Jacob: [00:09:41] Cool. Okay. Then I guess let’s maybe have some general questions about Bubbly. Ben, maybe you want to take this one . Yeah, how do I work with Bubbly? Like, how do I code in Bubbly? How do I set something up?
Ben: [00:09:55] Yeah, sure. I can take this one. So I think we really wanted to keep it as native as possible coming from an infrastructure or devops background, we had a couple of things. We knew we loved Terraform, and we knew we loved Kubernetes. Now for those who don’t know, Terraform is written in HCL, which is HashiCorp’s DSL basically. And it’s a way of defining infrastructure declaratively. So we took that inspiration and we pretty much allow you to write Bubbly pipelines in the same DSL. So as HCL code. The second, as I mentioned, was Kubernetes. So if you speak to anyone who uses Kubernetes, you know, that they love the API. So what we wanted to do when building out Bubbly was again, keep this as native as possible. And so Bubbly is built upon the same building blocks as Kubernetes. It uses resources. So things like , extract the process by which you pull data from somewhere, is defined as an extract resource. And the idea for this is basically that if you know how to write Kubernetes manifests, you know how to write Bubbly pipelines and Bubbly resources.
Jacob: [00:11:04] Cool. So I guess then you just mentioned two quite big technologies there. Would it be fair to make the assessment that if I know how to code HCL and Terraform, I will know how to code in Bubbly. And if I know how Kubernetes works, then probably I have an understanding of how the Bubbly command line tool and server will work.
Is that like a fair assessment?
Ben: [00:11:26] I think that’s definitely a fair assessment. As time goes on, if there’s any case where that isn’t strictly true. I think we’re definitely driving ourselves in that direction.
Jacob: [00:11:36] Yeah. Cool. Thanks. All right. So we talked about data pipelines and coding data pipelines. I guess there might be people listening who don’t really know what a data pipeline is. Do you want to explain a data pipeline in a really simple term, so it’s not like a crazy word that sounds really sophisticated.
Ben: [00:11:58] I can do my best. I don’t pretend to be a data engineer or data scientist. And I think this took quite a while for us to realize, we went back and forth with our own interpretation of a data pipeline. But in the end, we settled very strictly on ETL. So for those who aren’t aware ETL is basically the process of extracting data, transforming it in some way, and then loading it to some separate location, be it a database or other warehouse or whatnot. And this is exactly where we basically settled on data pipelining ourselves. So we have an extract resource, a transform resource, and a load resource. And we’ve kind of, again, kept this as simple as possible so that people coming from different domains can just jump onto Bubbly and see exactly what they need to do in order to create a pipeline.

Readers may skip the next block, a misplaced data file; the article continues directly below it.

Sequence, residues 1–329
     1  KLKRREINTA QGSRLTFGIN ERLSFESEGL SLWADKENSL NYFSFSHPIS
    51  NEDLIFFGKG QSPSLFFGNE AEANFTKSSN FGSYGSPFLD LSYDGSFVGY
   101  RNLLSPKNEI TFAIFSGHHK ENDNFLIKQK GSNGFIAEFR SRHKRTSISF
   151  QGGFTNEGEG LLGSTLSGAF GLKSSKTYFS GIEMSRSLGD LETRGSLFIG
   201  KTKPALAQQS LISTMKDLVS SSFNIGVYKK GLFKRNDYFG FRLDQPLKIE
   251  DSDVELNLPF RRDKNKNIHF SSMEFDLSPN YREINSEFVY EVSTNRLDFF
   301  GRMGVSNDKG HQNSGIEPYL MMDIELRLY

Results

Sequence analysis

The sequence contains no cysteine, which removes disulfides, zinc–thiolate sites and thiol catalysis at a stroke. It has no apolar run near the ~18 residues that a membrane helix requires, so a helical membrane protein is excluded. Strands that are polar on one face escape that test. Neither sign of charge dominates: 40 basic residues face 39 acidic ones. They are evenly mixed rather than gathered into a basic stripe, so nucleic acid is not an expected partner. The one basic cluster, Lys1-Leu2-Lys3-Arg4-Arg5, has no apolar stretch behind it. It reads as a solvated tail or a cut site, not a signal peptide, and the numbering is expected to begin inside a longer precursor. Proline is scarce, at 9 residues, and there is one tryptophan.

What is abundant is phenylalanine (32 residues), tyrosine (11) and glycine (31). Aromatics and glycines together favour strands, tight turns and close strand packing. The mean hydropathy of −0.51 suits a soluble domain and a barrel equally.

Jacob: [00:12:50] Awesome, so yeah, if we go back to the original problem that we were discussing . I think we had the idea of SonarQube and some test automation tool in some OSS tool. So how does this fit in? If I have these, maybe I have JIRA as well or something, I have like more tools. What is the idea here, that I basically write data pipelines for each of these tools and extract the data and put it into Bubbly? And actually, what does that mean, to put it into Bubbly? Where does the data end up?
Ben: [00:13:25] Good question. So we basically have the concept of a schema, which is something that customers themselves will define according to their needs. And this is basically a declarative way of defining your underlying database structure. So the idea would be that you then write, extract, transform, load pipelines, data pipelines. Then the end goal is to push data into an underlying database that is inherent to that schema basically. Yeah, I think that summarizes things.